The mean value of PaO2 significantly increased during the treatment (68.93 mmHg ± 13.6 mmHg vs. 76.14 mmHg ± 10.44 mmHg vs. 78.23 mmHg ± 11.14 mmHg: p<0.004) after 4 and 10 months respectively. Also increase of mean values of PaCO2 (31.31 mmHg ± 3.54 mmHg vs. 34.86; 2.98 mmHg vs. 33.23, 3.54 mmHg; p<0.003), after 4 and 10 months of the therapy was noticed.

Despite, that sirolimus treatment resulted in increase of the mean values of FVC (+140 mL), FEV1 (+220 mL), TLC (+180 mL), and decrease of the mean values of RV (-20 mL) but the differences did not reach the significance. Additionally, after 10 months of the treatment patients walked slightly longer distance in 6MWT (514 ± 101.72 m vs. 526 ± 139.33 m; p=0.012), with less, but insignificant desaturation (7.62 ± 4.75 vs. 6.71 ± 5.13; p=0.307).

After 4 months of sirolimus treatment substantial improvement of pulmonary function was observed in patients with large amount of pleural effusion (Patient 2,4,6,11,13,14).

Chylous effusions

At enrolment, 7 patients had the chyloperitoneum, and three of them were treated by surgery, due to tumours in the pelvic cavity. Chylous pleural effusion was noticed in 7 patients and they had pleurodesis. Additionally, 5 patients were treated with ligation of the main lymphatic duct. Six patients had a thoracentesis and 3 paracenthesis. The large amounts of pleural and peritoneal fluid were noticed in six patients, and small peritoneal effusion was present in one patient. After first 4 months of the treatment resolution of peritoneal fluid was noticed in all patients and pleural in 6 out of seven. Partial resolution of pleural effusion (over 75%) was observed in one patient. During the time of subsequent assessment (after 10 months of treatment) no patient had pleural or peritoneal effusion.

Lymphangioma

All patients had lymphangioma in the retroperitoneal space. Huge amount of peritoneal effusion disturbed assessment of large lymphangioma in patient no. 11. However, after 4 months of sirolimus treatment the chyloperitoneum resolved, and it allowed the measurements of the lymphangioma (Figure 6).

cancer-science-therapy-lymphangioma-volume-observation

Figure 6: Individual values of lymphangioma volume (cm3) during the time of observation.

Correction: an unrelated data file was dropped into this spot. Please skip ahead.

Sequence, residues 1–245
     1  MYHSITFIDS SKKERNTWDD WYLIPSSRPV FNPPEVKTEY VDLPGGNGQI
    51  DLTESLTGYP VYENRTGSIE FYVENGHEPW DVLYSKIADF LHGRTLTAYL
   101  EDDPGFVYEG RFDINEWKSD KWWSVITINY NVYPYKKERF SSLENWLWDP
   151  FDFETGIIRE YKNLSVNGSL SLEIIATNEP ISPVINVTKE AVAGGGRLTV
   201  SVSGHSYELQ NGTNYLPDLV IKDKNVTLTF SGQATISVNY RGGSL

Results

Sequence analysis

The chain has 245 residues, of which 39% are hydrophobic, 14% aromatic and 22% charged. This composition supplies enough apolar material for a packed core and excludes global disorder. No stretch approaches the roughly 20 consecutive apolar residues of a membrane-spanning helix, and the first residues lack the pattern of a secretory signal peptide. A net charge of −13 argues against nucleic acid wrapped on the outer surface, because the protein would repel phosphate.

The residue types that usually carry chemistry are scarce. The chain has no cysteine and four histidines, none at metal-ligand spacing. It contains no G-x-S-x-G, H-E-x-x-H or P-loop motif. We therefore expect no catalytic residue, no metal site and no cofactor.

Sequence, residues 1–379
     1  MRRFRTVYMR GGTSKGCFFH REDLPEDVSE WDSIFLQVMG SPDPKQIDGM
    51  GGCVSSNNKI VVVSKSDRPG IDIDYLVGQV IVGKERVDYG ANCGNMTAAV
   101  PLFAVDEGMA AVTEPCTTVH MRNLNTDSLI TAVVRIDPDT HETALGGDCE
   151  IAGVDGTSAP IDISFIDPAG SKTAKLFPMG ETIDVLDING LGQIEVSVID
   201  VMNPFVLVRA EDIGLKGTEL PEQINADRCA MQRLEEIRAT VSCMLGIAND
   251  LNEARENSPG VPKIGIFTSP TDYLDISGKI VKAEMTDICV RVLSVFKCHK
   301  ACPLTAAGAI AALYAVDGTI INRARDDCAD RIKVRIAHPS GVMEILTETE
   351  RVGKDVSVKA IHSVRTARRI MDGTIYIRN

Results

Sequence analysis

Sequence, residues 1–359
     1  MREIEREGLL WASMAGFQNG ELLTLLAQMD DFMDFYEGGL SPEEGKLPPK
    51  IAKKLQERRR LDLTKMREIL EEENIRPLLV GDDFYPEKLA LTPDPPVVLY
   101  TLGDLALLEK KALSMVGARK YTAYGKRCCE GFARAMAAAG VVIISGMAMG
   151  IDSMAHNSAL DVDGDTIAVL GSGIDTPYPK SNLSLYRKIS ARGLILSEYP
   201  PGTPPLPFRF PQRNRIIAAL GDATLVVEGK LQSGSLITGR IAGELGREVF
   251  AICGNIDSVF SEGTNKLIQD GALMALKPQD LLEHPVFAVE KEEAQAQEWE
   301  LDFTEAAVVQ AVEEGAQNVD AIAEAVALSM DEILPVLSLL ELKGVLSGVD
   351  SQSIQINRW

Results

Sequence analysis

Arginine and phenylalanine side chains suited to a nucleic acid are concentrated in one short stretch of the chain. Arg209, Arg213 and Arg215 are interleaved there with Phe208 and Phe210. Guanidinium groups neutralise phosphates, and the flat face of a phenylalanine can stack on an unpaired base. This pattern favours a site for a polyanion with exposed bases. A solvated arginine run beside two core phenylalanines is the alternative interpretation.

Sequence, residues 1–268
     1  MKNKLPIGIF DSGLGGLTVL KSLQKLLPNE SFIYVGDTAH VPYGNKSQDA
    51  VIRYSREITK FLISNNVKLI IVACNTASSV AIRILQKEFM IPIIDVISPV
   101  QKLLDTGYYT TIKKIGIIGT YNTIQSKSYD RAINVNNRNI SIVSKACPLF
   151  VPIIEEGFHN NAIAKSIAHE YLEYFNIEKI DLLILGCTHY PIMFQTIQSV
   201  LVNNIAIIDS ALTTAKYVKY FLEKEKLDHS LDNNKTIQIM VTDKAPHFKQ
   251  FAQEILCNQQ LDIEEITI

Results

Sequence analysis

During the first 10 months of the treatment the mean volume of lymphangioma was significantly decreased (1603.85 ± 2437.56 cm3 vs. 369.01 ± 439.24 cm3 vs. 198.01 ± 315.43 cm3 (p<0.00026).

Angiomyolipomas

Four patients had renal angiomyolipomas. Reduction of the mean volume of angiomyolipomas was observed in all cases (17.71 ± 20.52 cm3; after 4 months 14.93 ± 20.88 cm3; after 10 months 12.04 ± 16.49 cm3 and after 22 months 10.05 ± 17.37 cm3), but small number of cases influenced possibilities of statistical analysis.

VEGF-D serum concentration

The serum VEGF-D concentrations measurements were available in10 patients (Figure 7). They ranged from 854 pg/mL to 4000 pg/ mL, and the mean value was 2591 pg/mL ± 1085 pg/mL. All patients displayed the serum VEGF-D concentration higher than 800 pg/ml. After ten months of the treatment a significant decrease of serum VEGF-D concentration was noticed in all patients (The mean value 1274 pg/mL ± 708 pg/mL; p=0.003).

cancer-science-therapy-VEGF-serum-beginning

Figure 7: VEGF-D serum concentration in individual cases on the beginning of the treatemnt and after 10 months of sirolimus therapy.

Adverse events

Adverse events of the sirolimus treatment were noticed in all patients. All of them were mild and manageable. In one patient, 61-year-old, with underling severe lactose intolerance, irritable bowel disease, and diverticula of large bowel, asthma, lupus-like syndrome, and hypothyroidism, the treatment was stopped after 10 months due to abdominal pain, discomfort and diarrhoea (all grade one of toxicity).

All patients had skin and mouth ulcers (1 grade), usually resolving spontaneously. However, all patients received topical treatment for mouth ulcers.

Ten patients experienced the upper respiratory tract respiratory infection (19 episodes-grade 1), and 3 patients had episodes of pneumonia (grade 2), treated successfully with antibiotics. Usually during the time of infection the sirolimus treatment was temporary discontinued (Figures 8 and 9).